Prosecutor Dave Harris showed photographs of the equipment. Mr. Peterson’s attorney Mark Geragos showed photos of similar clothes and equipment found in Mr. Peterson’s truck months earlier, portraying him as a man who simply lived out of his vehicle.


FEMA subcontractor faces sex charges

WIGGINS — A subcontractor working for the Federal Emergency Management Agency has been arrested and is accused of trying to coerce a woman into having sex in exchange for Hurricane Ivan disaster benefits, authorities said.

Frank Jason Cole, 27, of Memphis, was being held without bail on an attempted rape charge, while police investigated whether there are other victims.

Mr. Cole was one of 25 field inspectors who have visited more than 4,530 southern Mississippi homes and approved nearly 3,700 applications for disaster relief, a FEMA official said.


Killer executed despite lab questions

HUNTSVILLE — A convicted killer was executed even though the handling of his case by Houston’s troubled police lab had been called into question by two state senators and the police chief.

Edward Green III, 30, was put to death on Tuesday night despite his attorneys’ pleas that evidence relevant to his double murder trial might be in some of the 280 recently discovered boxes that had been mislabeled and improperly stored.

Green’s attorneys, as well as the senators and the police chief, had wanted all executions out of Harris County stayed pending review of the boxes. In Green’s case, prosecutors said all evidence had been accounted for. Gov. Rick Perry, a Republican, refused to impose the blanket moratorium on executions. The U.S. Supreme Court and Texas’ high court also declined to block Green’s execution.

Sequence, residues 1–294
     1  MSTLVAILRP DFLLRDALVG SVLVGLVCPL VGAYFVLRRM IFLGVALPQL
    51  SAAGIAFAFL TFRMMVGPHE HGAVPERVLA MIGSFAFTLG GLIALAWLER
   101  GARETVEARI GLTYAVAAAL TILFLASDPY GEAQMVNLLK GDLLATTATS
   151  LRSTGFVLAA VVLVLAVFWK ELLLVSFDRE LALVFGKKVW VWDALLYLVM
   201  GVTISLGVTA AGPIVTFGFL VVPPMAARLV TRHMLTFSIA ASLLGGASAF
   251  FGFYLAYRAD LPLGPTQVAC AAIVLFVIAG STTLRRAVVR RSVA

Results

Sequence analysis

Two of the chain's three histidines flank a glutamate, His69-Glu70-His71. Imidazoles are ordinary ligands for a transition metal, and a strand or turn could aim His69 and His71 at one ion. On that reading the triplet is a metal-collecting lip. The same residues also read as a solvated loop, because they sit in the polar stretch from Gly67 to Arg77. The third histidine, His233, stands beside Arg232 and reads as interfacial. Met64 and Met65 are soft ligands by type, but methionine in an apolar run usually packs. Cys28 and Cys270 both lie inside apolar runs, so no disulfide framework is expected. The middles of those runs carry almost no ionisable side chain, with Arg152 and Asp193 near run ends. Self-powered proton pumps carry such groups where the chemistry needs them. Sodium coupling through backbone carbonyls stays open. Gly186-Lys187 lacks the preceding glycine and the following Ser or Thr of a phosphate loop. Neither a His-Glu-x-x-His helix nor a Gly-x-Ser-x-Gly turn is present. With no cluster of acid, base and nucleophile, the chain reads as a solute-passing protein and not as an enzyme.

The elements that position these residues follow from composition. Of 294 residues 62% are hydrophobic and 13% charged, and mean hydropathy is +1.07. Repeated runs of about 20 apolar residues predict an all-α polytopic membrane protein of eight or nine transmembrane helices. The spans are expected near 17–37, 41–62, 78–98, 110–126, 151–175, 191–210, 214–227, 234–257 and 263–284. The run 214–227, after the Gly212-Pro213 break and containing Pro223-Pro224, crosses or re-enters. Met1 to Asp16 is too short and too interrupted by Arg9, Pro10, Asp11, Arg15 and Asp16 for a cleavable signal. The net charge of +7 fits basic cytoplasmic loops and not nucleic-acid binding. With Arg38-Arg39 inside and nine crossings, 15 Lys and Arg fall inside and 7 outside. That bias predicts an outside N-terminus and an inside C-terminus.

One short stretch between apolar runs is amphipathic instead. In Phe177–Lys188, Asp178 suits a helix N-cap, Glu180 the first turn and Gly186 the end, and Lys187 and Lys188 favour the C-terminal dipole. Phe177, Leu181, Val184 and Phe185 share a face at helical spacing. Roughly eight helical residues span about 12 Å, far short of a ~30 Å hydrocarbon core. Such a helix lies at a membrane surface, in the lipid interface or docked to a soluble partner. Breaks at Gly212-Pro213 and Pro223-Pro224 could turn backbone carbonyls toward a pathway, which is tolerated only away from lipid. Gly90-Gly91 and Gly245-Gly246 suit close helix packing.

Green was convicted of fatally shooting Edward Haden, 72, and Helen O’Sullivan, 63, during a 1992 robbery.

In a final statement while strapped to a gurney in the death chamber, Green apologized to their relatives.


Finance professionals oppose casino plans

OMAHA — Local financial planners, accountants and insurance agents joined efforts to defeat casino gambling proposals on the November ballot.

One proposal would allow two casinos in Omaha and more than 4,900 video poker and slot machines at various locations across the state. The second would allow two casinos in Nebraska, with sites to be determined later.


State recalls tourist brochures

OKLAHOMA CITY — Oklahoma tourism officials have recalled about 200,000 brochures with images of activities that might have seemed uninviting to some travelers, such as cow-manure tossing and re-enacting Confederate battles, officials said yesterday.

The pamphlet, called 2005 Annual Events Guide, featured events and activities throughout Oklahoma. It also was riddled with spelling, grammatical and factual mistakes.

“We discovered the material in the event guide was culturally insensitive and contained errors,” said state tourism director Rob Gray.

Confederate flags have been a flash point in U.S. politics with some arguing that they have racist overtones.

The guide was produced by an employee who was no longer with the office, Mr. Gray said.


Volcano calms; scientists lower alert

SEATTLE — Government scientists said volcanic activity on Mount St. Helens had started to taper off and downgraded their safety warning yesterday, after nearly two weeks of seismic activity and steam eruptions.

“Evidently, we’ve gone through a major change here,” said Willie Scott, a seismologist with the U.S. Geological Survey. “We no longer think that an eruption is imminent in minutes or hours.”

Decreased earthquake activity, lower rockfall and mild steaming all led to the decision to lower the agency’s warning level to the second highest level of “increased activity”, Mr. Scott said.

Mount St. Helens erupted in 1980 and killed 57 persons.


Northwest begins flights from Casper

CASPER — Years of negotiations culminated in the first Northwest Airlines flight from Casper to Minneapolis. Two flights a day now are scheduled on new, 50-seat jets.

Passengers on the inaugural flight included Mike Sullivan, a former Wyoming governor and ambassador to Ireland, who was headed back overseas on business.